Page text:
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BETA Safety Equipment Standards - 2019

BETA Safety Week 2019 (27th April - 5th May) aims to raise awareness for the correct use of protective safety equipment when working with and riding horses. By wearing protective equipment that is up-to-standard, in good condition and well-fitting, you are ensuring you have the best possible protection. Read on for advise on the most up-to-date safety standards.


Body protectors help to keep you safe by absorbing high level of energy created when falling off, being kicked or being stood on by a horse. It’s essential that the garment fits correctly to ensure that all critical parts of the body are covered, giving the best possible level of protection.

If you are competing under an affiliated organisation (Pony Club, Riding Club or British Eventing), you must wear a body protector that adheres to the latest standards as per their rulebook. Currently two versions of the BETA standards are valid:

BETA Certification Mark Level 3 2009 (purple label)

BETA Certification Mark Level 3 2018 (blue on a black label)

Level 3 is the highest level of protection and is considered appropriate for general riding competitions including eventing. It is recommended for working with horses. Level 3 body protectors should prevent minor bruising that would have produced stiffness and pain, reduce soft tissue injuries and prevent rib fractures.


Modern technology has allowed manufacturers to produce riding helmets that are lightweight and comfortable while being incredibly strong. To protect your head properly, the hat needs to be fitted and fastened correctly.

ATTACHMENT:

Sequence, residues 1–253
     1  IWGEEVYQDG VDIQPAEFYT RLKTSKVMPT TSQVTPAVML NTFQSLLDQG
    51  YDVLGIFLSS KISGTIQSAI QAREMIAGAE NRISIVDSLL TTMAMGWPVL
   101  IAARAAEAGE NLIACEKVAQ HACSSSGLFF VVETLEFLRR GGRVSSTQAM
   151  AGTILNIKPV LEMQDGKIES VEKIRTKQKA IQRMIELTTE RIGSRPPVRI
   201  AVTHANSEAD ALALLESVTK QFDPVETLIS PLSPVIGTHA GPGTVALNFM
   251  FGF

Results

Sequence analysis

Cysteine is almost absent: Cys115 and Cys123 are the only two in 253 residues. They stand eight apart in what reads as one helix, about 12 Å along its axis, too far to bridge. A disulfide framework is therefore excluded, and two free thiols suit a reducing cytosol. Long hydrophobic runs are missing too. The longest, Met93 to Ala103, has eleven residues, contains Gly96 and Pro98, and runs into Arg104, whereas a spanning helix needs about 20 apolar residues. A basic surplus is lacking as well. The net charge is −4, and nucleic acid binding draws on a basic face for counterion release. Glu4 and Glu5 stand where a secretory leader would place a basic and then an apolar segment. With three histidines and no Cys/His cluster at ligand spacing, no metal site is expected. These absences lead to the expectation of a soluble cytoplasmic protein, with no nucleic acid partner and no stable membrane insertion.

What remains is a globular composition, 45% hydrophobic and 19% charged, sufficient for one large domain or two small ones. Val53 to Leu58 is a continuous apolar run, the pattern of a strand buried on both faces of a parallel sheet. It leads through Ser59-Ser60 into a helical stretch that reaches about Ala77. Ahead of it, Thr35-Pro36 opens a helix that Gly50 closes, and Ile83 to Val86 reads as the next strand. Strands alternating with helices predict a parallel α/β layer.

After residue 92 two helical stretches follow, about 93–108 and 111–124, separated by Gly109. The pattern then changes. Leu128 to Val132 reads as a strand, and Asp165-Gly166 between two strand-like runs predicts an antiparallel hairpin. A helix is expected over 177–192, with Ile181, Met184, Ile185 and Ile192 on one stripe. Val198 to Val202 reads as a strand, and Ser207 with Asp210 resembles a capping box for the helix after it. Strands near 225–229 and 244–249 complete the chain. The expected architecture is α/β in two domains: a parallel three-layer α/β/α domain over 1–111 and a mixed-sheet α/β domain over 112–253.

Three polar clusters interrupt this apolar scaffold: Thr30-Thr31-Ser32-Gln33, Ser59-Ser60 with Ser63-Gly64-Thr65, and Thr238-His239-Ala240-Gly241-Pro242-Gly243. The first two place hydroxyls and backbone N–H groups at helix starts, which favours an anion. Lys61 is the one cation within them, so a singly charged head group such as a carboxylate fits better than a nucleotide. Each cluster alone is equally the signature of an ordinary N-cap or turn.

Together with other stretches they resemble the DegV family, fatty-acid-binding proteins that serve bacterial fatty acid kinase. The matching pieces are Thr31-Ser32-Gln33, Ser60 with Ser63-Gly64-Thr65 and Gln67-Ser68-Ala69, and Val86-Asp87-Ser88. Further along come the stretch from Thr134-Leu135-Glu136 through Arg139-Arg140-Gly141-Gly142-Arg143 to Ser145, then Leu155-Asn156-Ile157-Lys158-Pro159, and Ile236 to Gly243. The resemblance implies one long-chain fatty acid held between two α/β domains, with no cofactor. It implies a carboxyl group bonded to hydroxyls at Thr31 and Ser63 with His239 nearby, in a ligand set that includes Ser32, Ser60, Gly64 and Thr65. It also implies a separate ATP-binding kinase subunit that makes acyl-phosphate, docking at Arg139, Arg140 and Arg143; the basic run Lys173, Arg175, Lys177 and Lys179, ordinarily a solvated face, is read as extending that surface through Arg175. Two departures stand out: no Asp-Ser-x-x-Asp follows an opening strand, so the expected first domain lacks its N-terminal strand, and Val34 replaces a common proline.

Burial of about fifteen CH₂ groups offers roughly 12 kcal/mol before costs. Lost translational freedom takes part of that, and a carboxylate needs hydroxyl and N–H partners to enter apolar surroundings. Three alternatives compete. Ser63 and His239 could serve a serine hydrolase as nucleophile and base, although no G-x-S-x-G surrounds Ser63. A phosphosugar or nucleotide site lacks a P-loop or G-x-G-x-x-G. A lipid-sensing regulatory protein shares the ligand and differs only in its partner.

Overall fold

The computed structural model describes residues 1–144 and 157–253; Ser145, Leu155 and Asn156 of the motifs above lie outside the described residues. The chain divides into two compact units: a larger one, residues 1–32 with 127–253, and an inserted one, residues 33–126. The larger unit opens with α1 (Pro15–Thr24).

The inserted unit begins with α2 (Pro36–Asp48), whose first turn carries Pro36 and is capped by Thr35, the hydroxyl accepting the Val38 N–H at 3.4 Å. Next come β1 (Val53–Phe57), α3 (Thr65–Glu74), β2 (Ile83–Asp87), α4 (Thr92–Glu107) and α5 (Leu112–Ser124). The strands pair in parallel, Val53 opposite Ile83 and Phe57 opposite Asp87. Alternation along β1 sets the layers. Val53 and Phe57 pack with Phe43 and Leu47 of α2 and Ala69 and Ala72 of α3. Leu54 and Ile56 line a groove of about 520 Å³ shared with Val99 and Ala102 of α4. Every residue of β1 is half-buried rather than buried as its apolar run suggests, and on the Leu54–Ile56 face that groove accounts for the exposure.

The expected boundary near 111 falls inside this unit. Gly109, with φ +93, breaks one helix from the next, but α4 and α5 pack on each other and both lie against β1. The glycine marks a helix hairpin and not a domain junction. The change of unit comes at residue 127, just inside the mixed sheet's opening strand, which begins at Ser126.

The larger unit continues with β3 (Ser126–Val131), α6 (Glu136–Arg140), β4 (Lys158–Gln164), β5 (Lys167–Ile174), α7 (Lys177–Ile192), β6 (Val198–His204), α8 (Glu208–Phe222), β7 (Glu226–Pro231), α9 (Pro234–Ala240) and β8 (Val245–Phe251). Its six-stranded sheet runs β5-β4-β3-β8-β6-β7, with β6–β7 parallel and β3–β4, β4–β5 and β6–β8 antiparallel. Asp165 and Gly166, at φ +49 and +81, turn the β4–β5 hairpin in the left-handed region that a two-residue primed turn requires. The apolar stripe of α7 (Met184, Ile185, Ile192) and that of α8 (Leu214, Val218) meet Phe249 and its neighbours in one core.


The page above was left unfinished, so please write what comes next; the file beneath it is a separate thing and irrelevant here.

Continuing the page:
In the UK, particularly for affiliated competition, helmets should meet the PAS 015 (1998 or 2011) or VG01.040 2014-12, and have a BSI Kitemark or Inspec IC Mark. Always check the rulebook of affiliated discipline you wish to compete in to check that your helmet complies.

When competing cross country (and for certain other competitions and games with the Pony Club) a jockey skull must be worn rather than a peaked helmet.


Hi-vis is an essential piece of equipment for rider safety, especially when hacking out on the roads. They should meet the current EU safety standards; it should be manufactured in fluorescent colours and feature reflective tapes to ensure the rider can be as clearly visible as possible. By buying hi-vis garments that are up to standard you can be assured that they have been well tested to make sure they are durable and won’t fade or loose reflectivity after washing or after a short period of use.

The current hi-visability standards are:

EN ISO 20471-2013 – for professional use (those working around horses)

EN 1150 – for non-professional use (leisure riders)

EN 13356 – for accessories such as headbands and gloves


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